HIGH PRODUCTION CEOS ARE WATCHING the rising cost of construction-defect litigation with growing concern. Litigation—even the risk of potential litigation—pushes up the cost of housing. These costs are typically built into the price of a new home, and that means consumers are seeing a significant increase in home prices as a result of what many see as a litigation crisis.

In 2004, home builder liability costs increased the average price of a new home by $2,700. In some more litigation-prone states, liability costs pushed up the price of a new home by as much as $15,000 a unit.

The extent of the litigation problem raises some seemingly obvious questions: Is contentious litigation the only way to resolve construction defect disputes? Where does all the money go? Is there a better way?

The NAHB asked these questions of NERA, an economics consulting firm. NERA research yielded interesting answers and some encouraging news.

Dan Fulton is president and CEO of Weyerhaeuser Real Estate Co. NERA looked at notice-and-opportunity-to-repair (NOR) laws that a number of states have adopted in an effort to stem the surge in costly construction-defect litigation. These laws typically require a homeowner to give a builder written notice of an alleged defect, and then the builder is given a set amount of time to resolve the problem or deny the claim. If the homeowner is not satisfied with the outcome, he or she can then sue the builder.

Though anecdotal evidence had suggested that these laws are working for both home builders and home buyers, no research had previously been done to demonstrate the effectiveness of these laws in the real world.

The new research from NERA demonstrates that the NOR process is working. Where enacted, NOR laws have reduced litigation and resolved cases more quickly. Perhaps most important, these laws have made the process more accessible for consumers, making it easier for them to get their complaints resolved without involving a lawyer and going through costly, stressful, and time-consuming litigation.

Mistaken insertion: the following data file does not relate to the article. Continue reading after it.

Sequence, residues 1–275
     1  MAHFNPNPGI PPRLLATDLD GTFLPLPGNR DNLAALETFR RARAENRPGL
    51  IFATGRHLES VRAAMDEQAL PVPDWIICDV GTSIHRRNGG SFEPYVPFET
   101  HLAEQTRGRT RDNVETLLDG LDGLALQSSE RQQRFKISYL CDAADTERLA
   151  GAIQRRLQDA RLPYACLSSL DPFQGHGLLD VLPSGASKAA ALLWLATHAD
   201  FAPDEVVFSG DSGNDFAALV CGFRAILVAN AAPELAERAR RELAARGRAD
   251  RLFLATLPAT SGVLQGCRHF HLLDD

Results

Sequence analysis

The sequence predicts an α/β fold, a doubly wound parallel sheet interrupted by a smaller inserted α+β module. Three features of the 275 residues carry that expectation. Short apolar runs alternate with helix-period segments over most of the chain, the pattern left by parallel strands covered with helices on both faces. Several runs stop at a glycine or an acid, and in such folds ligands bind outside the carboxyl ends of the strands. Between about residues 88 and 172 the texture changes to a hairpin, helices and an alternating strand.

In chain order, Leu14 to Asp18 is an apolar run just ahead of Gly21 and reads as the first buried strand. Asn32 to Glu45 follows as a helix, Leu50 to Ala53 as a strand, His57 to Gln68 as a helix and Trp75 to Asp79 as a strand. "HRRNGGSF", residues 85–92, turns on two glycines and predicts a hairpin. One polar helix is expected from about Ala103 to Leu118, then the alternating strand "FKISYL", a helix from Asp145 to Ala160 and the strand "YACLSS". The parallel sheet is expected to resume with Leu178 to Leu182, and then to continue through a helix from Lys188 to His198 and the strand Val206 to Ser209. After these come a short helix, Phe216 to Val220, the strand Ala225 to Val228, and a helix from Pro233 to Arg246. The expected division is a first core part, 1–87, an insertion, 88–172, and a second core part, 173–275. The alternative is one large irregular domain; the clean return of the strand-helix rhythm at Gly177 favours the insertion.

NERA used data collected in Colorado to assess the early impact of that state's NOR law, which was implemented April 27, 2003. The researchers found that prior to enactment of the NOR statute, the three most active construction-defect law firms in Colorado collectively filed, on average, six cases a month. And in the month before the law went into effect, there was a rush to file lawsuits. But after the effective date, homeowners were required to give builders the opportunity to repair the alleged defects before pursuing litigation. The average monthly number of suits filed by these same law firms dropped by 60 percent to about two and a half cases a month.

Under Colorado's NOR law, 20 percent more homeowners filed notices than had filed lawsuits the previous year, and almost two-thirds were resolved without cash awards. About half of the defect claims were resolved within six months. Further research found that when homeowners do receive settlements, the money is often not used to repair the alleged defect.

The research also confirms that legislative reforms have measurable benefits that include more efficient resolution of disputes, better containment of liability costs, and increased availability of affordable housing.